Google is maintaining its edge in the world of quantum computing. Its 20-qubit processor is currently undergoing tests, and the company appears to be on schedule to have its working 49-qubit chip ready by the end of 2017 as promised. Until it began trialing the 20-qubit chip, Google’s most powerful quantum chip was the 9-qubit effort from 2015.
Traditional computer bits are binary, only existing as either 0 or 1; they’re like light switches that are either on or off. Qubits, on the other hand, can be 0 or 1 like regular bits, but can also have quantum properties that allow them to exist in a superposition where they are both 0 and 1 simultaneously. This makes qubits potentially far more powerful, because instead of figuring something out by trying each option one by one, they can simultaneously compute more than one possibility.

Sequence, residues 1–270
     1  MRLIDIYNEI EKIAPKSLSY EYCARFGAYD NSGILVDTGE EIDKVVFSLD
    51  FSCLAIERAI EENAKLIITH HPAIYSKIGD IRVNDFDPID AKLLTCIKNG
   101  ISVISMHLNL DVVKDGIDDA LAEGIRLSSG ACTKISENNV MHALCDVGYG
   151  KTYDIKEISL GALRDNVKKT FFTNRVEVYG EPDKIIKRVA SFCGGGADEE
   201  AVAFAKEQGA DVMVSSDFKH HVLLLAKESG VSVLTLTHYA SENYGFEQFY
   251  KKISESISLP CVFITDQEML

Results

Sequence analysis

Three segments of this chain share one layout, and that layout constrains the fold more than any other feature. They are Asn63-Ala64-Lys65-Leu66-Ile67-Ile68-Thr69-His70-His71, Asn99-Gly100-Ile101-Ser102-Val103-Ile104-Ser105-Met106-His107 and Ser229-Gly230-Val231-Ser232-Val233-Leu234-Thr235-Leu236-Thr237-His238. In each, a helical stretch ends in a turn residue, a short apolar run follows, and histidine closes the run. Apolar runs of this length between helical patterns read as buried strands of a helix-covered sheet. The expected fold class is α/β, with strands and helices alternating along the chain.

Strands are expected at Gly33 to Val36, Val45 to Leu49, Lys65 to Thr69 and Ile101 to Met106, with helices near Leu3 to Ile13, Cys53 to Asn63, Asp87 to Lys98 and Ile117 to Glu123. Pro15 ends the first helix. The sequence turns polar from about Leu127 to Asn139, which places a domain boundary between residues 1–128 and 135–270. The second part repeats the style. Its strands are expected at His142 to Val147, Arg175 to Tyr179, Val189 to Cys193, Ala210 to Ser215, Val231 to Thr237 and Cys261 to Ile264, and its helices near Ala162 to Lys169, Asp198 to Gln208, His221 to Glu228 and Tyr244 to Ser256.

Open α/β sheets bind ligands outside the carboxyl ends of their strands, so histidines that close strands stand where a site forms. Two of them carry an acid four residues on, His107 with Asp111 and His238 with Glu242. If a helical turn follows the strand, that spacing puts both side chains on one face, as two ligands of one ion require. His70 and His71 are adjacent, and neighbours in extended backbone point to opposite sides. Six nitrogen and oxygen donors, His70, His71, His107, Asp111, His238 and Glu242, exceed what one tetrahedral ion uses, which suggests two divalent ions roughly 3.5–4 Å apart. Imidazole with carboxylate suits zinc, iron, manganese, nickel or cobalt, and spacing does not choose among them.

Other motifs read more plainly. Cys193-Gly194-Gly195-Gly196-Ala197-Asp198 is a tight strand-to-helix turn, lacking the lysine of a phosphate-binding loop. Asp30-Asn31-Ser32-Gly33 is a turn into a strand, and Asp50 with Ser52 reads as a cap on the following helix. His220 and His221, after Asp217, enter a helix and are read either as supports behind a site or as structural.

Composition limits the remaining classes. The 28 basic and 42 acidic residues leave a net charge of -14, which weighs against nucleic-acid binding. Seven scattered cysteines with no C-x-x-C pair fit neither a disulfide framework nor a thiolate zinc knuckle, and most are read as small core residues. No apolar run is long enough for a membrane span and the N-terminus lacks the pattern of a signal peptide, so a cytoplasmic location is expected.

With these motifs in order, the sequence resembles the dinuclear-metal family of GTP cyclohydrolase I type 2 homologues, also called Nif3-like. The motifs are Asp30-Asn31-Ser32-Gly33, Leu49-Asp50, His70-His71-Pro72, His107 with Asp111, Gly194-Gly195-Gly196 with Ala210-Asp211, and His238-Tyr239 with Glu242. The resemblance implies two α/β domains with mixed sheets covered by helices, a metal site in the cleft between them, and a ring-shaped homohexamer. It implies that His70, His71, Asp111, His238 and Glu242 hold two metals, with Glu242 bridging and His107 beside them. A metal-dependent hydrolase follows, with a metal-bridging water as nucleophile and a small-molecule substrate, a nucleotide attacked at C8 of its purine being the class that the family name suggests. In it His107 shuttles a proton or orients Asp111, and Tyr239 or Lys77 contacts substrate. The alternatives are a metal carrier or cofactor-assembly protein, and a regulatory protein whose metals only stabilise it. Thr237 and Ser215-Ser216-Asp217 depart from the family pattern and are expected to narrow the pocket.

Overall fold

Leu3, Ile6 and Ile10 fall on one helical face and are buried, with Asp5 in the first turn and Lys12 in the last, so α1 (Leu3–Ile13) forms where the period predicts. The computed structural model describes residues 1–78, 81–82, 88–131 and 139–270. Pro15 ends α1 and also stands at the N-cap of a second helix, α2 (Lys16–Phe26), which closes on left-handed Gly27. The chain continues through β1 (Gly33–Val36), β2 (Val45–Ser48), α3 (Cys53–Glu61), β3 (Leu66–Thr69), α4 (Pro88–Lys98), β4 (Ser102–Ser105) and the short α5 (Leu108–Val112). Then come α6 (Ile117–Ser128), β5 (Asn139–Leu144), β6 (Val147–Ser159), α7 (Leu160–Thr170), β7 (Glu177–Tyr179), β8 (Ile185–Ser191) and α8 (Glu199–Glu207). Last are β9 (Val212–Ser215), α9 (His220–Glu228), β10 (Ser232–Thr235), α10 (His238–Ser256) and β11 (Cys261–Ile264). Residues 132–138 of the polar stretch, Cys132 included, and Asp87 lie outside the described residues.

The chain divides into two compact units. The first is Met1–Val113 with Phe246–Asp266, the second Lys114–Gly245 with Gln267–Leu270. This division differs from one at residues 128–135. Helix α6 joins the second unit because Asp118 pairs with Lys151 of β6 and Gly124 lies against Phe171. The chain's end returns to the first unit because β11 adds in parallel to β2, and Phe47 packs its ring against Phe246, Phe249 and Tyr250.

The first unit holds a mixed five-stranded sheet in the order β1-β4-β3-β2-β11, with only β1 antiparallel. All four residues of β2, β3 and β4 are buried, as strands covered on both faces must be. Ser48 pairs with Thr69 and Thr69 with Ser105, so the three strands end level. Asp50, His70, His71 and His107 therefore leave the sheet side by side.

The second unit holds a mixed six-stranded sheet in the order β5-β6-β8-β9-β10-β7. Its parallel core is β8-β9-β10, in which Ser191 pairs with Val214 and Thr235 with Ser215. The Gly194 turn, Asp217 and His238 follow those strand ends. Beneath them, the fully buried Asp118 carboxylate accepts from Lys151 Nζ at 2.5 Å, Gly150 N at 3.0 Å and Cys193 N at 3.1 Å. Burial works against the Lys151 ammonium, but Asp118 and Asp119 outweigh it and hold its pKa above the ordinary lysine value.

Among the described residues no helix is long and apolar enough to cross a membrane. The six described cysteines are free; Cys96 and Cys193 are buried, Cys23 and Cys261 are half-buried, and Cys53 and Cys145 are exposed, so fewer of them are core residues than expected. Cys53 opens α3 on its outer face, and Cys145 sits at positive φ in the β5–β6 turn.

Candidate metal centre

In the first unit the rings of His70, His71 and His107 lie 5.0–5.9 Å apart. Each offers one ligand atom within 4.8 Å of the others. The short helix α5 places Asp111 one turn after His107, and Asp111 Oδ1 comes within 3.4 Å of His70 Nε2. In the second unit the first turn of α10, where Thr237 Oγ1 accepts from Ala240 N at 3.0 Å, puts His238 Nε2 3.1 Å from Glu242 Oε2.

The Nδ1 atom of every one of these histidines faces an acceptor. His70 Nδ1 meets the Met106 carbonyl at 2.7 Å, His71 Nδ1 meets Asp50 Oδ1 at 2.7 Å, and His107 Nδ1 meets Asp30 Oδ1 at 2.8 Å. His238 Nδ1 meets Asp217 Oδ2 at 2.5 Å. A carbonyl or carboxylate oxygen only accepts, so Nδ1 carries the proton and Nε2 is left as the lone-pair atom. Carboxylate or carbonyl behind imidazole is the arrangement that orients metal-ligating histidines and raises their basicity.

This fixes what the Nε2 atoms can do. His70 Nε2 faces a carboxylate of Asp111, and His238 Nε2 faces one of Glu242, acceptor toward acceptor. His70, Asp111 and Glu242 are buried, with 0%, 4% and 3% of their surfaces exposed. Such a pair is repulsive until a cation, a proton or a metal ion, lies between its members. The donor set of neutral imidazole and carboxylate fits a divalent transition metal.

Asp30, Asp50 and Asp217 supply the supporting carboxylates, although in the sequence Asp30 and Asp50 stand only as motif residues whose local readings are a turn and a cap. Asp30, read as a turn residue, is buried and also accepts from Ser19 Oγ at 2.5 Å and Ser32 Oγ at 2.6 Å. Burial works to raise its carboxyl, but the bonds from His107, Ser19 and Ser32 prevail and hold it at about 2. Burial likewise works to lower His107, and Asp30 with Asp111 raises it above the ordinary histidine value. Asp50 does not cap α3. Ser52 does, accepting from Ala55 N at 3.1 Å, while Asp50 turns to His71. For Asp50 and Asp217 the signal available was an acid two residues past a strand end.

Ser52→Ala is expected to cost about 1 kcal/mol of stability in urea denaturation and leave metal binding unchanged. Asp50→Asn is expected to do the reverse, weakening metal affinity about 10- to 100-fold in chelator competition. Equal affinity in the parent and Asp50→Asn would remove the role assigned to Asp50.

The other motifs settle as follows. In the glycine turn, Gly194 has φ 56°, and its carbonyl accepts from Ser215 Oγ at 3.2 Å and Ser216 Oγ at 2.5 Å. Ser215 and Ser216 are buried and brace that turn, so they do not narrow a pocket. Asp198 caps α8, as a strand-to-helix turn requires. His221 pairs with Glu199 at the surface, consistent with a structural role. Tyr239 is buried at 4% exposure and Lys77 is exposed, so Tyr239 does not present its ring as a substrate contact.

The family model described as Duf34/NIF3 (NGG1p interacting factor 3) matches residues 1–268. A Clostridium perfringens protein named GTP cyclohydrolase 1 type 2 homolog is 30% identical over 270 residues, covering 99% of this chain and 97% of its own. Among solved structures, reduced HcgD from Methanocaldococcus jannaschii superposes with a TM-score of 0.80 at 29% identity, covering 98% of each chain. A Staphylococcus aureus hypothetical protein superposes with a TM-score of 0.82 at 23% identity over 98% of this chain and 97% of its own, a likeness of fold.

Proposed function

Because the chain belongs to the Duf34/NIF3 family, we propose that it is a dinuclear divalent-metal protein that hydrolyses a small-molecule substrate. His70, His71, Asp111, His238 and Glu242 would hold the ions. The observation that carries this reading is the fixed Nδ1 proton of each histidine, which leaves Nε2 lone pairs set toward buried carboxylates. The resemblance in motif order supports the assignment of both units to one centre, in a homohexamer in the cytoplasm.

Google’s 49-qubit chip will allow them to develop a 49-qubit quantum system that can solve problems that are far beyond the capacity of ordinary computers: Google calls this goal quantum supremacy. The 20-qubit system that the Google quantum computing team is now working on currently boasts a “two-qubit fidelity” of 99.5 percent. The higher the rating, the fewer errors the system makes. Quantum supremacy demands not only a 49-qubit system, but also sufficient accuracy to achieve a two-qubit fidelity of at least 99.7 percent—which Google is on track to deliver by the end of 2017.
Google isn’t alone in their quest for advancing quantum computing. In 2016, IBM was running a 5 qubit computer, but by May 2017, it was offering beta access to its 16 qubit platform to the public for testing purposes. Furthermore, qubits alone aren’t the only consideration for actually achieving working quantum computers; error correction and scaling will also be critical to quantum systems. However, if Google does achieve quantum supremacy, it will be a major step forward.